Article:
To start, it was announced a month or so ago that I would be taking a leave of absence from SPS next year. With my oldest going off to college and my youngest starting High School, it seemed like a good time to focus on family as well as to explore what my next adventure will be. I am very appreciative that the district allows me to have this time and opportunity - and while I am not sure if I'll continue to teach with SPS after next year, I do know that this will be my last year at QAE.
That being said, I can't thank this community enough for the amazing amount of support and encouragement that you have given to me for the last 7 years. I am incredibly lucky to have been surrounded by such talented and inspirational teachers, excited and eager students, and parents who have allowed me to have a job where I have been trusted to create a program that I am very proud of.
THANK YOU, THANK YOU, THANK YOU - I am beyond grateful!
Now let's move on to looking ahead at how to keep math alive during the summer.
One of my favorite people to follow on Twitter is Christopher Danielson, @trianglemancsd. He is also the author of 2 of my favorite math books: Which One Doesn't Belong? and How Many? Through his blog Talking Math With your Kids, you can find all sorts of math info as well as the ability to subscribe to his amazing "Summer of Math" program. This year he has 2 offerings: 5 yo +, and 11 yo +
A few months ago I started following The DREME Network (out of Stanford) on Twitter and have really enjoyed everything that they've shared so far. Recently they talked about picture books that you can use to introduce math to your younger ones:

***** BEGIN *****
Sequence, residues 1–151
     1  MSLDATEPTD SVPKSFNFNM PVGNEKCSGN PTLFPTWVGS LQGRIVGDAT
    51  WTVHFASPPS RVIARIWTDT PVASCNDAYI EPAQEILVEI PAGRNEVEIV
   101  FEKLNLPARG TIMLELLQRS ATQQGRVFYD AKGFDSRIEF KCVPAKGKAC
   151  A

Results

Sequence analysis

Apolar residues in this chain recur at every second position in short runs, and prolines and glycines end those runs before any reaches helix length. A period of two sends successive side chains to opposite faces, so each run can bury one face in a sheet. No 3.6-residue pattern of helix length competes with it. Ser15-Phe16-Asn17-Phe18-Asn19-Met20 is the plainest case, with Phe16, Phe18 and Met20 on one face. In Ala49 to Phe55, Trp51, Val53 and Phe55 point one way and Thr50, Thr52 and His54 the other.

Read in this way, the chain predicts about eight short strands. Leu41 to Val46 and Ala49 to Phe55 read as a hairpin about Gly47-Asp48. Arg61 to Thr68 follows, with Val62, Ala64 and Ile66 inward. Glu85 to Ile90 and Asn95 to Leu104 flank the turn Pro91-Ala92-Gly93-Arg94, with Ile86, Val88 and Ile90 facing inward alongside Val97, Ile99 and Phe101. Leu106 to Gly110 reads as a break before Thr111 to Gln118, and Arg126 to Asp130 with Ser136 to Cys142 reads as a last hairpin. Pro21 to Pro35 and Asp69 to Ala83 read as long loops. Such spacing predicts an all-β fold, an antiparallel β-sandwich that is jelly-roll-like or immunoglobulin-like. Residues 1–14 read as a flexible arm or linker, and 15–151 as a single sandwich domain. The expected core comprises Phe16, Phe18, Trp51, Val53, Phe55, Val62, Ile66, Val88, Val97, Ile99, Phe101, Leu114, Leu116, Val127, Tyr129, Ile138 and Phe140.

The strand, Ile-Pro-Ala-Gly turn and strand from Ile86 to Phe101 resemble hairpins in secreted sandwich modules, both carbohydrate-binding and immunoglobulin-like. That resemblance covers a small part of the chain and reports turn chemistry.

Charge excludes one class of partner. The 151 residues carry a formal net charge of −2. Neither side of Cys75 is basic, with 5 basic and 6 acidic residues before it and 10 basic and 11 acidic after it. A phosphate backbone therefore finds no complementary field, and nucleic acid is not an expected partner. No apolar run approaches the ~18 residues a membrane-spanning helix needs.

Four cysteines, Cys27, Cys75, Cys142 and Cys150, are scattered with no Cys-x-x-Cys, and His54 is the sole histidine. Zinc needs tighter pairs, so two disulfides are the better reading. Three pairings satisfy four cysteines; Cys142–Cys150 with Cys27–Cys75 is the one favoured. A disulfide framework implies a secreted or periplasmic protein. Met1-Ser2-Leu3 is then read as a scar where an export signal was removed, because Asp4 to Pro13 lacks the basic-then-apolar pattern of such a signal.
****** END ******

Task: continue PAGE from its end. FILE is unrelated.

Math for Love - a local organization
Table Talk Math - there is also a book by the same name that I highly recommend
Games for Young Minds
Bedtime Math - they have a website, blog, books, and tweet
I have not spent a summer in Seattle for over 20 years, so my knowledge of summer camps and programs is obviously limited.
So limited actually that I only know of one - Girls Rock Math (which I hear fills up quickly)
Math for Love may offer something, but I haven't had a chance to look.
If you know of any additional programs, please share - I would love to hear about it!
The above programs, books, blogs and websites are by no means all that is out there. If you feel as though you would like to know more, or need different options, feel free to reach out to me. I'm always ready and willing to talk math! Also, keep in mind that helping support your child's math education, and love of math, can be as simple as reading a book, playing a game, and talking (while mostly guiding and listening).
I wish you all the best as you LOOK AHEAD toward crafting your child's summer math experiences, and I hope that you found something in the above, useful or of interest. As I begin my own journey LOOKING AHEAD, starting in July you will be able to reach me at email@example.com as I won't be checking my SPS address as often.
Thank you again for all of your trust, support, and sharing your amazing kids!